Traditional Mexican chocolate, with its intensely tannic, spicy flavor, is an essential ingredient for complex moles and sauces.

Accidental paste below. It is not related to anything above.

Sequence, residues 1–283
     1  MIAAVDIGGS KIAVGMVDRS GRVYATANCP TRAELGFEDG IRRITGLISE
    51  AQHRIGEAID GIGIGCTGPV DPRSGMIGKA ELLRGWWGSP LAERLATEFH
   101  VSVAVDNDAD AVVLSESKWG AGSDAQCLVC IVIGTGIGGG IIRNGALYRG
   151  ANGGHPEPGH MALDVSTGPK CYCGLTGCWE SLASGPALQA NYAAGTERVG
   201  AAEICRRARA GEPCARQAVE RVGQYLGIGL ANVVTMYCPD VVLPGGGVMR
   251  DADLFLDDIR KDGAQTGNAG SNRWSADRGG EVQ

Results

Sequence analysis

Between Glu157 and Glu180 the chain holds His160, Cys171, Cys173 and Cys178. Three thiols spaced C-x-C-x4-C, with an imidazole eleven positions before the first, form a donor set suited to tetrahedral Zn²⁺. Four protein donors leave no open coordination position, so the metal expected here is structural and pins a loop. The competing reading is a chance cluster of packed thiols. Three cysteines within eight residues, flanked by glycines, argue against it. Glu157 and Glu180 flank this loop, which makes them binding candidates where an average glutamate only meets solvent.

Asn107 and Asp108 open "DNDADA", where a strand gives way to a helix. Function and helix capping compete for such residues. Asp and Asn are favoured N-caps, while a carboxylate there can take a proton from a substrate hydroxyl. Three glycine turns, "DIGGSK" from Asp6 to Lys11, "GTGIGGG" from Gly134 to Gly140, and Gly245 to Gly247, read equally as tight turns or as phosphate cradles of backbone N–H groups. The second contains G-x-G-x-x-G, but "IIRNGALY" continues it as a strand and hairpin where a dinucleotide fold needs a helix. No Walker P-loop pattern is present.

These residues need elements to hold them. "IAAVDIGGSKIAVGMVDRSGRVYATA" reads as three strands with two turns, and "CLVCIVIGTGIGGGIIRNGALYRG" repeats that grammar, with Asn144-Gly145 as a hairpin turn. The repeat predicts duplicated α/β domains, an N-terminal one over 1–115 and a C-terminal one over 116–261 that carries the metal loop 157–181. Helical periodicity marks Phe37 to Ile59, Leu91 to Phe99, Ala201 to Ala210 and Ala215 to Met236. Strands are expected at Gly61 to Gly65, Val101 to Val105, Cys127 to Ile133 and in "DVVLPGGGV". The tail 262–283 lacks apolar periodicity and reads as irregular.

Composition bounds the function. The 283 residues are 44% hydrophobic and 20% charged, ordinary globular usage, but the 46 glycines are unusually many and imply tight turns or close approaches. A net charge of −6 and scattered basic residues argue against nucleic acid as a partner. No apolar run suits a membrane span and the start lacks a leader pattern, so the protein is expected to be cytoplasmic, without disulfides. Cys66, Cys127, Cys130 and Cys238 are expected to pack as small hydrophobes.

Traditional Mexican chocolate, with its intensely tannic, spicy flavor, is an essential ingredient for complex moles, or sauces, like the ones chef Rick Bayless makes at his Chicago restaurant Topolobampo (see a recipe for his pork with mole negro sauce). Unlike European-style baking chocolate, traditional Mexican chocolate is never conched (rolled together with vanilla, sugar, and cocoa butter until it becomes smooth). Instead, the cacao beans are coarsely ground, toasted, and combined with cinnamon and ground almonds; then the mixture is molded into cylinders or disks. While the best Mexican chocolate is still handmade on a grinding stone, there are several good commercial brands widely available in the States. The most popular is Ibarra ($4.25 per 18.6-ounce box).